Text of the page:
Over the last number of months, the issue of evictions has attracted widespread attention and much criticism has been directed at those responsible.
Saoradh has supported and been actively involved in the actions against evictions and all such attacks on the oppressed. We have done so on a revolutionary basis, understanding that evictions and acts of oppression and exploitation such as these occur throughout the world as a result of a system which allows the enrichment of a few at the expense of many. Although the level of critical reaction to the recent eviction in Roscommon is encouraging, there are a few issues which have arisen in the nature of this criticism.
Foremost, those who are physically evicting people, the banks or landlords who send them, the gardaí who protect them, and the state apparatus which legislates for these actions are all to blame. However, these entities and these actions do not exist in a vacuum. They exist because we live in a society in which the sources of our wealth are owned and controlled privately by a minority; and a state, political, legal and military and police structure has been bred out of this system of ownership which protects the system of ownership and control- namely capitalism. To complain about the structure, i.e. the gardaí, the bailiffs, the politicians, etc. is fruitless unless ultimately the system at the core of this structure changes. Call for an end to evictions, elect different politicians, call for more accountability: it means nothing whilst the core system remains intact. Those calling for reform and change alone are therefore wolves in sheep’s clothing, many of whom are simply seeking cheap electoral gains.
What is also ironic is that many of those criticising the evictions are content to use the language of the oppressors: ‘Northern Ireland’, men from a ‘different country’. The north of Ireland is part of Ireland, it is simply a part which is occupied. The fact that these men came from the occupied zone is not relevant. There are no shortage of cretins in every country willing to undertake such endeavours. Many are even speaking as if they would care less if it was the people of the occupied north being subjected to this treatment. In truth The Irish people have been victims of this oppression for centuries; only through the unity of the oppressed can this be ended. Among the biggest blockages to this unity has been British imperialism. British imperialism has divided the Irish people and divided the country. This is no more evident than in the words of British Foreign Secretary Geoffrey Howe at an Anglo-Irish summit in 1984, who warned Thatcher that Irish freedom would leave a Cuba on Britain’s doorstep. The behaviour of the vultures engaged in evictions is a symptom of capitalism, capitalism is secured by imperialism. Those who recognise ‘Northern Ireland’ as a distinct entity and promote it as such strengthen imperialism, which strengthens capitalism, which gives rise to scenes such as those in Roscommon. Those who want an end to predatory evictions whilst constantly referring to ‘Northern Ireland’ are complaining about water in the tub as they run the tap.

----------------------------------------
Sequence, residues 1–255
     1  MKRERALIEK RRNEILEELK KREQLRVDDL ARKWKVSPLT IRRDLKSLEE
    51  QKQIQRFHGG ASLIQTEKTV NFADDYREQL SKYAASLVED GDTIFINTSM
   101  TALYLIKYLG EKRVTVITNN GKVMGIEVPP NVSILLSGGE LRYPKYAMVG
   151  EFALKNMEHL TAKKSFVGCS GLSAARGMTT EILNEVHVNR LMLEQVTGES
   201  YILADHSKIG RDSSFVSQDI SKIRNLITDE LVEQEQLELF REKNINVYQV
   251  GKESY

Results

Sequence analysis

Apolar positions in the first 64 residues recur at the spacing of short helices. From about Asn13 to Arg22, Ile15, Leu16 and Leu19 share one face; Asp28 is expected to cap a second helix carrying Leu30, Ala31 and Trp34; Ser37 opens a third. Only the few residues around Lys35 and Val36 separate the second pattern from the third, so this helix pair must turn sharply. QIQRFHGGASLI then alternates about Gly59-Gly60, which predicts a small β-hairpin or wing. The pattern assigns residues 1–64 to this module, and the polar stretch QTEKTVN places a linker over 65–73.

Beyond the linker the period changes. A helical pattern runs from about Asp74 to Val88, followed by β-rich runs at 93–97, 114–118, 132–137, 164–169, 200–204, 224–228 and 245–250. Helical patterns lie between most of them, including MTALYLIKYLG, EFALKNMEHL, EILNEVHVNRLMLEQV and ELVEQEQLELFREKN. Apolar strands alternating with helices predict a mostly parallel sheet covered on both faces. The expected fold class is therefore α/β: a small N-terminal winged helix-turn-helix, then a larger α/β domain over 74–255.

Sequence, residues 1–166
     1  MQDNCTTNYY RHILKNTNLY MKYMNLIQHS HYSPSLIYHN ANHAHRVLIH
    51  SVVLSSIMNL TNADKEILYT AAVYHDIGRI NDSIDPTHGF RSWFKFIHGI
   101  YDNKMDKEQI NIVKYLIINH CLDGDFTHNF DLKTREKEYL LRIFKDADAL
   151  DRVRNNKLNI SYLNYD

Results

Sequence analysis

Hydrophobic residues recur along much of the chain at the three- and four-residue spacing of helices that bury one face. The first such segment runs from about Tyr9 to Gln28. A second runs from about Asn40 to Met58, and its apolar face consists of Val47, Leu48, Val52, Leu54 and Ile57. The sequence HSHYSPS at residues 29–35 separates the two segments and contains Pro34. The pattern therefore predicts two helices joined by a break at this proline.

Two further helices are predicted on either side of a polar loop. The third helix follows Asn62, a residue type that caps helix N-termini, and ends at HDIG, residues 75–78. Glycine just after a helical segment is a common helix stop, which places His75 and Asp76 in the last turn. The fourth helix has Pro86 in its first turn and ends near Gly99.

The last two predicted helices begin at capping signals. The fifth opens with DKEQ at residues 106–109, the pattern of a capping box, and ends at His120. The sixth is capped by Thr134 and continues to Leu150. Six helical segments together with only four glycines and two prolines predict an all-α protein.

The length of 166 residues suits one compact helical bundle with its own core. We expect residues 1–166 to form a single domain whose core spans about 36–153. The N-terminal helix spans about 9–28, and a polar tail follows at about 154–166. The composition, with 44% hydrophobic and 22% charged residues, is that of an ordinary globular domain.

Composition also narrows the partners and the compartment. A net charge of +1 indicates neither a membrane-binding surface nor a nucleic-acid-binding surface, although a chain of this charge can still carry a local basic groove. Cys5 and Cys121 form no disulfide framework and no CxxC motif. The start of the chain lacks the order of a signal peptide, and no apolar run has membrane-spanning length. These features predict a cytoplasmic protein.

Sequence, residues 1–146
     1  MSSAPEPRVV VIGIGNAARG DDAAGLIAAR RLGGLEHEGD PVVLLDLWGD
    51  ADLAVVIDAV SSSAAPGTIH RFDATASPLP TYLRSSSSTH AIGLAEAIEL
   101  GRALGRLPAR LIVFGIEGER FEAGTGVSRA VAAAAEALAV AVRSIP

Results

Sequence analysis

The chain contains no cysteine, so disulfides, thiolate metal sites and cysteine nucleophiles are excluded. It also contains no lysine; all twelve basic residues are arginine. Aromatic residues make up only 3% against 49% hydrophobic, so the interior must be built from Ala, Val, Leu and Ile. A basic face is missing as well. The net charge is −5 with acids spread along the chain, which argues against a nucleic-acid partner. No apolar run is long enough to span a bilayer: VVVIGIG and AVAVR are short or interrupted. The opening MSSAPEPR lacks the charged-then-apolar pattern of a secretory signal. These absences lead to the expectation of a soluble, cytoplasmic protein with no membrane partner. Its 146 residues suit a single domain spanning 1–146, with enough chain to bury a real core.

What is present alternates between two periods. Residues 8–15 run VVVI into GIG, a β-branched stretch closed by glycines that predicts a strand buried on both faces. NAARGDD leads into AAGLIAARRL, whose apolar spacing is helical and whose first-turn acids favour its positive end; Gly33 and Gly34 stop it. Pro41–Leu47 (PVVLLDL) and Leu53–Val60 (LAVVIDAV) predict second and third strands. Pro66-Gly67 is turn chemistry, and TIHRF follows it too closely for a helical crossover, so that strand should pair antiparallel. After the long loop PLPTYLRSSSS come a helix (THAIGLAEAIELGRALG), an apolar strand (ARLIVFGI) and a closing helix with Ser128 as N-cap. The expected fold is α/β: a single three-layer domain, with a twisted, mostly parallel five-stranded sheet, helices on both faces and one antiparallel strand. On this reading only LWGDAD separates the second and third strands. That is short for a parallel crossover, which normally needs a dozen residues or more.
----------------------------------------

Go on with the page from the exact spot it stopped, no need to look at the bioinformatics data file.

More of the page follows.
In sum: the only solution to these problems is a revolutionary one. The system of capitalism at the core is the problem: the idea that simply tinkering at the structure which this system has bred will make any difference is nonsense. The weakening of imperialism in Ireland makes the eradication of capitalism a much more feasible eventuality, and tacit recognition of imperialist partition should, therefore, be avoided.
Nathan Hastings is a former Republican Prisoner from Derry City